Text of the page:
A feature on striker Tom Bradshaw and the impact of his international elevation.
In the coming weeks Wales manager Chris Coleman will announce his squad for the UEFA EURO 2016 finals and the Dafabet Welsh Premier League will have a significant interest in the final selection with former Aberystwyth Town striker Tom Bradshaw sitting on the fringes of Coleman’s provisional list. Having made his senior Wales debut against Ukraine in Kiev last month, Bradshaw, 23, will hope that his impressive and consistent form in-front of goal for League One Walsall has impressed the manager enough to trust him to provide the alternative attacking option in France. With a limited choice of forwards to choose from, Bradshaw is considered to have a fair chance of making the 23-man squad, despite his lack of opportunities to impress for his country since he was first called-up to the senior side for the friendly against the Netherlands last November. Although he didn’t feature against the Netherlands or in the subsequent friendly against Northern Ireland, the last 17 minutes against Ukraine finally offered him his chance to make an impression, and there will be vested domestic interest in Coleman’s EURO 2016 squad as a result.
Bradshaw came through the youth ranks at Aberystwyth Town and made his debut for the Seasiders as a teenage prodigy, featuring for the side in both the semi-final and final of the 2009 Welsh Cup to compliment scoring a couple of Welsh Premier League goals for his club. However, his potential was quickly recognised and he made the move to the Football League with Shrewsbury Town that summer. It was later reported that Aberystwyth Town received a retrospective fee of £30,000 in recognition of the part they had played in his development, while Bradshaw would spend the next five years at the club before making the switch to current club Walsall in 2014 for an undisclosed fee, and made an immediate impression with a goal on his debut. Bradshaw has since averaged around a goal every other game for the Saddlers and has extended his contract at the club to 2017. But his stock is rising quickly, and there is no better catalyst to personal promotion in the professional game than international recognition. However, elevation at international level with Wales has come at the perfect time for Bradshaw, and a place in the EURO 2016 squad would mark an incredible, and so far unique, rise for the former Welsh Premier League player.
Of course, the Welsh Premier League has produced plenty of Football League players in the past, and the occasional few have also gained international recognition for various nations around the footballing world. The difference with Tom Bradshaw is that he now has a very real chance of becoming the first Welsh Premier League product to progress and play at a major international tournament. Ironically, another former Welsh Premier League figure could play an important part in influencing the final decision, with former Porthmadog manager Osian Roberts currently serving as the FAW’s Technical Director, but crucially also serving as Chris Coleman’s assistant. Roberts has first-hand experience of the Welsh Premier League and remains an advocate of the domestic top-flight as it continues to fight against negative perceptions in the Welsh football press and public.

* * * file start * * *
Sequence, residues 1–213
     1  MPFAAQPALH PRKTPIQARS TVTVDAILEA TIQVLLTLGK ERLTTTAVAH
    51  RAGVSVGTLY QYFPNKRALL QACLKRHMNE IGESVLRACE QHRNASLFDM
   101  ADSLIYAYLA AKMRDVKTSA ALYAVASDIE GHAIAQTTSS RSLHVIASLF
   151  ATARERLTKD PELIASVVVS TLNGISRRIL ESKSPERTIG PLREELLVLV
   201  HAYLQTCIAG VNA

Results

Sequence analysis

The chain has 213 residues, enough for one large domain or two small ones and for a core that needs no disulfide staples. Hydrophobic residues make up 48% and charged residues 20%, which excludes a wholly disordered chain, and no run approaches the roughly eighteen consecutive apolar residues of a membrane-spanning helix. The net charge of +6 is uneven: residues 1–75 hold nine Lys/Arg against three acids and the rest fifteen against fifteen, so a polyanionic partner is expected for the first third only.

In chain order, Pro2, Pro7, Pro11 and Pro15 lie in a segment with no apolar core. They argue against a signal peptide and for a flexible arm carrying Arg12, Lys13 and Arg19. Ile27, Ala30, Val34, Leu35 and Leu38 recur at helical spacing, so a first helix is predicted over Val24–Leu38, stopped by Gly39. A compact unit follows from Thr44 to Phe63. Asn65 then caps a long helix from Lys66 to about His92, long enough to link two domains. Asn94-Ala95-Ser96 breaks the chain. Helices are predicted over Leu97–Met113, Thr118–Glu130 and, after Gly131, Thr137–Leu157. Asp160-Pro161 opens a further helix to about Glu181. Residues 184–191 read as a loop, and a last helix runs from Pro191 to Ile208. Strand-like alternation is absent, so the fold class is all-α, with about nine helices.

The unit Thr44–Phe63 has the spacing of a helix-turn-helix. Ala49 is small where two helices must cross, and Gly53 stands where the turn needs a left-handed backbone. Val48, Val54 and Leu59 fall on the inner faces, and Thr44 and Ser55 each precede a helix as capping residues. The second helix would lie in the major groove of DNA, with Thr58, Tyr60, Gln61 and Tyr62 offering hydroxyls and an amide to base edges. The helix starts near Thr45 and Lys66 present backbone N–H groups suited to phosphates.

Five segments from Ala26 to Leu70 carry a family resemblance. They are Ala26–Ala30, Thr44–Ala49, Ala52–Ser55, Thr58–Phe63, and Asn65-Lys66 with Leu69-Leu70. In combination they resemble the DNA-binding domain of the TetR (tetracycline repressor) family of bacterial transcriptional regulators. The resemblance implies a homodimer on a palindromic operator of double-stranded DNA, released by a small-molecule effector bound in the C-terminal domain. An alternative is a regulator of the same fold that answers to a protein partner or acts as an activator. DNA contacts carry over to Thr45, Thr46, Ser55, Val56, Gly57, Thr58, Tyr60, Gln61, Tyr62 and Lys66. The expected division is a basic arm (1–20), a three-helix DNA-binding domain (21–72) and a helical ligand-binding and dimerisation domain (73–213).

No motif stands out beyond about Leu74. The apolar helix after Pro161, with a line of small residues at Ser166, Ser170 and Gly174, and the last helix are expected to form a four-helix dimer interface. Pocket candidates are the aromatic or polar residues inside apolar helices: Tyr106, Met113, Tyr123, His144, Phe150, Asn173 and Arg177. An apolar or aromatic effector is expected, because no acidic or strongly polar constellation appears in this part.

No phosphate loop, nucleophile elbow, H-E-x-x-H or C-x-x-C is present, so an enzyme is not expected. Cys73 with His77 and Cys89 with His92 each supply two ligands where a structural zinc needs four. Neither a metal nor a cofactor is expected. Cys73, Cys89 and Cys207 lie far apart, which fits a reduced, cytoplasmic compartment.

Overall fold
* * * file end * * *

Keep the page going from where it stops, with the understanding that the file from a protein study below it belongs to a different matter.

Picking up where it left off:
The odds on Bradshaw making the squad are shortened thanks to his position as a striker. With Hal Robson-Kanu and Sam Vokes competing to lead the frontline with only Simon Church as a realistic out-and-out understudy, there is a vacancy for an unknown quantity like Bradshaw to emerge at the finals. Should his dream be realised, his opportunities to make an impact at the tournament are very likely to be restricted to the occasional cameo appearance. His Welsh Premier League background is rare in international circles, and his footballing roots were not lost on Coleman when he first selected the youngster in November. “You look at Tom Bradshaw now,” explained Coleman at the time to the official Welsh Premier League website. “He started with Aberystwyth, played in the Welsh Cup final, and Aberystwyth and Tom have benefited from that because they did things right. Who knows what can happen. The opportunities are there if you’re in it long enough, and in it for the right reasons. You can have the talent, but you have to work hard and make the sacrifices, and that’s what Tom Bradshaw has done. That’s why he’s gone from Aberystwyth Town to now being part of a successful national team squad.”
However, Bradshaw’s early international career was not without controversy, and he made headlines for the wrong reasons in 2013 when he opted out of the Under-21 squad to remain in contention at Shrewsbury Town. It marked the end of his working relationship with Under-21 manager Geraint Williams, who said that he would not consider Bradshaw for selection while he was eligible for his side again. Time has now brought Bradshaw’s international career into a new chapter, and his focus is now firmly on the senior side and what impression he can make when the opportunities arise. Only Gary Lloyd has received an senior international call-up for Wales while playing for a Welsh Premier League team after the former Barry Town full-back was named on the bench against Belgium by Bobby Gould in 1997. Steve Evans (The New Saints), Owain Tudor-Jones (Bangor City), Mark Delaney (Carmarthen Town) and Glyn Garner (Cwmbran Town and Llanelli) have all followed the same path as Bradshaw, but like every other Wales player of the last 58 years, they all failed to reach a major finals. If Bradshaw can now join Osian Roberts in France this summer it will bring some much-needed positive publicity for the national league, and like qualification itself, it will be long overdue.